myself (not in that picture) I usually had fun and I agree that part of it was the newness and a certain openmindedness in trying it out, part the company of certain friends, age etc; part of it was probably that it's just a fun activity in general to pretend, wonder what's behind the next door...
  • Many of us definitely were not playing D&D, AD&D, or whatever by the rules as written. That doesn't mean the rules as written sucked or that we weren't having a good deal of fun. For me personally, I needed a mix of dramatic tension, cinematic framing, and heroism that D&D just didn't promote by any means except color. It's that spirit in the color, in the images, flavor text, and even play examples that guided my DMing. Which in turn shaped the play at the table.

    D&D just wasn't the tool for what I needed. It was pretty much the only tool I had or knew much about though, so I made due using it as a foundation for my improvisation during play. I found out later (through Talislanta,MERP, and other games) that most of the tools out there at the time mostly just changed the setting around. Those tools weren't going to get me where I wanted in play either without use of techniques I was learning and honing on my own.

    Gah, techniques vs. mechanics/rules is a whole different barrel of pissed off monkeys...
  • I had a hell of a lot of fun back in the day. I don't think I would enjoy the same stuff in the same way today. My tastes have changed over the years. That doesn't make the fun I had back then any less fun.

    I think I'm better today at identifying what I find fun and why as well as communicating those things to the people I play with.
  • Have you ever tried re-watching the Thundercats cartoon? I can't personally watch it. But back in the day I loved it! Does me not liking it now mean I didn't like it then? I don't think so.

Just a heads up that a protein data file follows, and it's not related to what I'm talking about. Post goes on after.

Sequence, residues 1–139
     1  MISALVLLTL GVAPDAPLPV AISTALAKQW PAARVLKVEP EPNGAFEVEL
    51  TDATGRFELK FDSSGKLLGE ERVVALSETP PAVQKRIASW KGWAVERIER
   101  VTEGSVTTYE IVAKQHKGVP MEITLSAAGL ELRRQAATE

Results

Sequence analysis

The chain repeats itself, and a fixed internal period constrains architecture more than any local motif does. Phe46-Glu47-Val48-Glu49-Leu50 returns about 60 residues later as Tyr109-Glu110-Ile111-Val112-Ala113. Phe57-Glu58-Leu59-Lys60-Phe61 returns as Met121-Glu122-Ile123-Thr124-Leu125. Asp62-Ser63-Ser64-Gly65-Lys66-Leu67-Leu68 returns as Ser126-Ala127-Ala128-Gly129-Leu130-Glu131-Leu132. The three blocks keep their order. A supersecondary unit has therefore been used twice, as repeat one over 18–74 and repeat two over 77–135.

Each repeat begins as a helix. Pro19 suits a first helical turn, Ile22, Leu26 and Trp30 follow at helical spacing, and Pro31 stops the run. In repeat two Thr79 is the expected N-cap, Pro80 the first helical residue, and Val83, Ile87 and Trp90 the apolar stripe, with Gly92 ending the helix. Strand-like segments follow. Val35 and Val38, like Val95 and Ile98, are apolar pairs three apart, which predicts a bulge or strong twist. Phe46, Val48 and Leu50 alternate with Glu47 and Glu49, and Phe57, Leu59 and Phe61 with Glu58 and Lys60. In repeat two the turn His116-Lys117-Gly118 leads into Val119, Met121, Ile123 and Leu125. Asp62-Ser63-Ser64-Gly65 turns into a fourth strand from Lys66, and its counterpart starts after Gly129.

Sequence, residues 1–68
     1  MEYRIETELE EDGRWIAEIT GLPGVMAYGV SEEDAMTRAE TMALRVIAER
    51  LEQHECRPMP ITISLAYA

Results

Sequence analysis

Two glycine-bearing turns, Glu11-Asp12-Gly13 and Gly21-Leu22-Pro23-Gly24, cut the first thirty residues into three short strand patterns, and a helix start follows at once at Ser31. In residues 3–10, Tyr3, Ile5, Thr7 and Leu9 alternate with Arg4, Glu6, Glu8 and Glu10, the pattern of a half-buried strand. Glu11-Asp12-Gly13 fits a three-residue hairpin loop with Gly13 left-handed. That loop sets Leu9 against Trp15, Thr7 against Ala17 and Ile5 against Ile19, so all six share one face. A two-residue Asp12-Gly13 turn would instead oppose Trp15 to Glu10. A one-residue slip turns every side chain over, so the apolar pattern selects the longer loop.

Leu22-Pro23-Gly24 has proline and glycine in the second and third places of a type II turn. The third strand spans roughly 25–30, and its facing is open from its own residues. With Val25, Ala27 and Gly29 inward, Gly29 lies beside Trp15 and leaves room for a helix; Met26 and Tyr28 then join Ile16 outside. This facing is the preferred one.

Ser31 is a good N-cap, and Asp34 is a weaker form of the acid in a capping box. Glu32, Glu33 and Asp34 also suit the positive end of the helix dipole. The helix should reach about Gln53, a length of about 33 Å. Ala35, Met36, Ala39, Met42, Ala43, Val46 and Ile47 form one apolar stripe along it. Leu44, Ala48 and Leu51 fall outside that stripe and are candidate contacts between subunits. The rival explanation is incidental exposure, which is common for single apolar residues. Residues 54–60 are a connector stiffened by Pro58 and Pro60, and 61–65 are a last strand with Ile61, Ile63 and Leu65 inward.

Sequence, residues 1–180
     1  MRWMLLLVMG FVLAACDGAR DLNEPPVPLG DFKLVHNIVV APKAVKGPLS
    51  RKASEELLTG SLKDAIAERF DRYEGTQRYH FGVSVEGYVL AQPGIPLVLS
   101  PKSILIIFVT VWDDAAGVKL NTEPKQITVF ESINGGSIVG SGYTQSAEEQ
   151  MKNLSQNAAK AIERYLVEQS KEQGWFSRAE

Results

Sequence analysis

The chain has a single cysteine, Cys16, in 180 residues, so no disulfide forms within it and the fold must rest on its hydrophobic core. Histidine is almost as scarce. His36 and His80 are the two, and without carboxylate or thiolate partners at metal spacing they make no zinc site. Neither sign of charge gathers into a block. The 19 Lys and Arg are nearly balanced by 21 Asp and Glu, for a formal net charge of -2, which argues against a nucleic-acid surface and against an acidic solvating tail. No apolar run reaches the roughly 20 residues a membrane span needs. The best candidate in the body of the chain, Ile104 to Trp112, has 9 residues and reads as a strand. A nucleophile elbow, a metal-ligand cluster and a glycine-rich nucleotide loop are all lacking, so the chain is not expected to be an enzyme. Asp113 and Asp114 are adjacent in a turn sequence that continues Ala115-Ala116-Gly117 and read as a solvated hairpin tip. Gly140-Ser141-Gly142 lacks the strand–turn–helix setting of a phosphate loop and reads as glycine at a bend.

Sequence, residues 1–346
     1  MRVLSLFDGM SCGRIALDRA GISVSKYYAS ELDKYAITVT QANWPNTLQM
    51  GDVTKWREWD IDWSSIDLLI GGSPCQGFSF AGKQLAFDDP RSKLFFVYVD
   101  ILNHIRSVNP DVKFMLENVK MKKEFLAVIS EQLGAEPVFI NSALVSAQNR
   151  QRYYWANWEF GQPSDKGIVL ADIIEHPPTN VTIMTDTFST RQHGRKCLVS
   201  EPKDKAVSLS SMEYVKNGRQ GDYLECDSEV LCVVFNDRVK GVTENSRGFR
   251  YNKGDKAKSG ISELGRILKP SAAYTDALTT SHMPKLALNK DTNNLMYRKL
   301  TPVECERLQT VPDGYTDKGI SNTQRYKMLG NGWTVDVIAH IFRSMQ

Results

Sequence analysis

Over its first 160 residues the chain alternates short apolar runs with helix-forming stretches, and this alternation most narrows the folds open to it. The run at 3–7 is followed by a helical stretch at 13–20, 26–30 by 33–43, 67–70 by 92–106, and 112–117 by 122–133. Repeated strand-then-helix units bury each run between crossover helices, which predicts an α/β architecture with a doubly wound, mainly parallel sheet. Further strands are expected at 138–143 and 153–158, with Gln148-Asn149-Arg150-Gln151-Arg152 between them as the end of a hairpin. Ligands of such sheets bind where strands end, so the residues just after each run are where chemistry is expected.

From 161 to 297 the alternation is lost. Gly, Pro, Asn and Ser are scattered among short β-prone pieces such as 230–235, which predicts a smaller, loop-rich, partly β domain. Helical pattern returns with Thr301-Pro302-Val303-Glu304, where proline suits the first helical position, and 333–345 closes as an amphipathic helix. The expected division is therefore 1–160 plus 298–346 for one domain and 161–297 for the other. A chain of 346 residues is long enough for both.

• I had fun hanging out with friends and taking imaginary characters through dangerous situations. I'm not sure how much of that came from D&D, the rulebooks, modules, and other junk that I bought and how much came from the idea of the game rather than the game itself.
  • edited May 2009
    Posted By: jenskotHave you ever tried re-watching the Thundercats cartoon? I can't personally watch it. But back in the day I loved it! Does me not liking it now mean I didn't like it then? I don't think so.
    Yeah, I can't stand most 80s programing for that very reason. I would rather remember the good old days in that fuzzy, warm way.

    Edit: Jem and the Holograms was where I learned the word "synergy."
  • Posted By: markvin the picture is worth 1000 words dept-
    Wow--your gaming club had a lot of girls in it! Oh, wait....
    -----
    Now that we've headed into polling, I'll chime in.

    D&D rocked. Period. It will rock again, when I have a kid or two and they hit 10ish. Its (original) moral certainty, its emphasis on min-maxing, and its multimedia/multidisciplinary elements will always appeal to the young and the young-at-heart.
    No, we're not playing with TOYS, we're playing with MINIATURES.
    No, we're not playing PRETEND, we've got rules and dice and statistics driving what happens to whom.
    No, we're not DRAWING a dungeon, we're DESIGNING it, balancing difficulty and theme and aesthetics and problem solving.
    No, we're not playing a BOARD game, we're playing a highly tactical WAR game, with additional trappings to provide a reason behind the competition.

    It's an evolutionary step, for many folks, to go from utterly passive (books, TV) or utterly freeform (pretend, artwork) activities to a middle ground of active, cooperative play within manipulable constraints. Few other hobbies--and DAMNED few professions--demand as much of a balance of creative and analytic skills (only LARP demands more, as I figure it).
  • MarkV: The 80's, it burns! Or was that the late 70's? It burns either way.